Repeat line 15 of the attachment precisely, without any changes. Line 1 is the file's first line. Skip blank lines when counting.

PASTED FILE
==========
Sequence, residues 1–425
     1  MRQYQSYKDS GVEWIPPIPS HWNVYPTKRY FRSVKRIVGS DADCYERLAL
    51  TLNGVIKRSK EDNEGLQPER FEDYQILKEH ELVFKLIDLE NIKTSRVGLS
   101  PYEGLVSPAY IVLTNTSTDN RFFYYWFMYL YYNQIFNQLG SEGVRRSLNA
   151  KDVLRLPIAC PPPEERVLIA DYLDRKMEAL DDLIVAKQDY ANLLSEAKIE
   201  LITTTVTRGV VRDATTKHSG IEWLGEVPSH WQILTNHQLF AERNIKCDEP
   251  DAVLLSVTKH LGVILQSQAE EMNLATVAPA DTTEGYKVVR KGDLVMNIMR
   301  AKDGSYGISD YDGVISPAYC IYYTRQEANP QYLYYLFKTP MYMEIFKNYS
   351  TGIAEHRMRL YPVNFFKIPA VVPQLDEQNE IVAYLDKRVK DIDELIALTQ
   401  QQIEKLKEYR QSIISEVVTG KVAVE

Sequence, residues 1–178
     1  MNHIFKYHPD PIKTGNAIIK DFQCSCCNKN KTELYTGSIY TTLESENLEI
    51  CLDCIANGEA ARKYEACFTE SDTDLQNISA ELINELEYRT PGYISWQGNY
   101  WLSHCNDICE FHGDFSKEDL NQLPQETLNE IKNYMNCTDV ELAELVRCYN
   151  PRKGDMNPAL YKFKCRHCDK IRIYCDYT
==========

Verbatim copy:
   151  PRKGDMNPAL YKFKCRHCDK IRIYCDYT